After nine months in utero and having delivered your baby, now comes the moment you’ve been waiting for: your first meeting - love at first sight, right? Well, sometimes yes, but often it takes a little longer. The first meeting between any two people is difficult to predict. Some couples say they fall in love at first sight, whilst with others the feelings grow over time. It is just the same with a baby. In fact, there is so much pressure on women to instantly love their baby that it’s amazing some actually do! The fact is that it doesn’t much matter whether love is immediate or gradual - relax; it will come.
An acclaimed American Paediatrician, Dr Berry Brazelton, said that if he could give new parents one gift it would be the ability to ‘read’ their baby’s cues so that they could respond accordingly. In the early days this is most important, as this is when the baby is at their most vulnerable and they need you ‘to tune’ in to them and meet their needs. This mainly involves helping them to calm down, as being new to the world can be stressful. In one of my antenatal sessions, in order to help parents empathise with how the baby may feel following birth, I ask them to do the following exercise. ‘Imagine being dragged out of bed in the middle of the night, being stripped, having all your teeth removed and being forced through a tube into a cold, bright, noisy room’. After this experience, what most say they need is comfort.

As babies experience the world through their senses initially, you have five allies to guide you. Hearing develops at about 20 weeks’ gestation, and so baby will have heard your voice consistently for a while and the familiarity of you speaking in a warm, relaxed tone should help. As babies are born with the rooting reflex, feeding will comfort them both through taste and nourishment. Baby’s vision is pretty blurry at first and extends about as far as your eyes if you’re holding them in the crook of your arm for a feed. Babies don’t generally like strong smells, but they do like the smell of their mother as well as her touch. Most babies like to be held - it helps them to feel contained, physically and emotionally, while they transition into life in the outside world. In utero they were contained for nine months, so being held gently and firmly supports their new found independence.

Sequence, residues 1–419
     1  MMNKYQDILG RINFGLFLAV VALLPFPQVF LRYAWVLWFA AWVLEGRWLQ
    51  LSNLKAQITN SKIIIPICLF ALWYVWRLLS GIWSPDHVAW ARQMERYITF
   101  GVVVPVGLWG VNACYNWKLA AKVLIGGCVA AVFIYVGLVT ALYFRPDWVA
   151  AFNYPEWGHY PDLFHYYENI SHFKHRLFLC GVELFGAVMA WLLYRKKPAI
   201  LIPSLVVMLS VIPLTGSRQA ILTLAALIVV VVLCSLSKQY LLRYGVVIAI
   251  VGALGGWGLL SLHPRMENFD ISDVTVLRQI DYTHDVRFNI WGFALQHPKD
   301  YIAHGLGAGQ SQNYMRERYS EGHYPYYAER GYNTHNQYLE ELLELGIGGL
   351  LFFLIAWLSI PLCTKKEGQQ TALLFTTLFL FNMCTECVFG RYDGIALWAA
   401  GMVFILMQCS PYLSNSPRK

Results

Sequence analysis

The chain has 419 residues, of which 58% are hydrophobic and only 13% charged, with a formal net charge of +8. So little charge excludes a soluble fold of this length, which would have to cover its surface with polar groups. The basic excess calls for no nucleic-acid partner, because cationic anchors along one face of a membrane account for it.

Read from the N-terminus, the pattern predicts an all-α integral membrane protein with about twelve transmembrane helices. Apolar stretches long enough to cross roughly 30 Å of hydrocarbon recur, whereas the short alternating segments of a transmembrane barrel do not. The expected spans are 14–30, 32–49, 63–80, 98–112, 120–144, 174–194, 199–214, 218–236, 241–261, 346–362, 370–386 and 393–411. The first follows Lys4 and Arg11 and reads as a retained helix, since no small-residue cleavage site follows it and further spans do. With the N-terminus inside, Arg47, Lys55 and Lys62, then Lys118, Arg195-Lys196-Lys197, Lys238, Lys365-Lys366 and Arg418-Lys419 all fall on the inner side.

Through tuning in to your baby and providing the comfort they need, love between you both will begin to grow. The trouble is that, sometimes, parents’ internal voice is full of anxieties and overwhelms their ability to listen to their baby’s cues. It is hardly surprising in a world that puts so much pressure on parents to be perfect that they have a list of worries. 'Is the baby feeding enough or too much?', 'Is the baby too hot or too cold?', 'Is my baby normal?' - to name but a few. Throw in sleep deprivation and there is a perfect recipe for these worries to grow if not checked. Small concerns can escalate into either stress or depression, or both, if they are not countered with the voice of reason and balance.
Sometimes this voice comes from a partner, friend or family member. It may also come from a health visitor, a book or even someone you sit next to on a bus. However, back to Dr Brazelton; if you can learn to read your baby’s cues, here is probably where you will get the most reassurance. Your baby gives you feedback all the time about what they do and do not like. Listen to that and be guided by it. In the first few months you will not spoil a baby by holding, soothing and feeding them, by tuning in to them and meeting their needs. If anything, the reverse is true - they will learn to trust, love and to be calm. The perfect foundation for their next developmental stage - becoming social.
Clinical Baby & Child Psychologist



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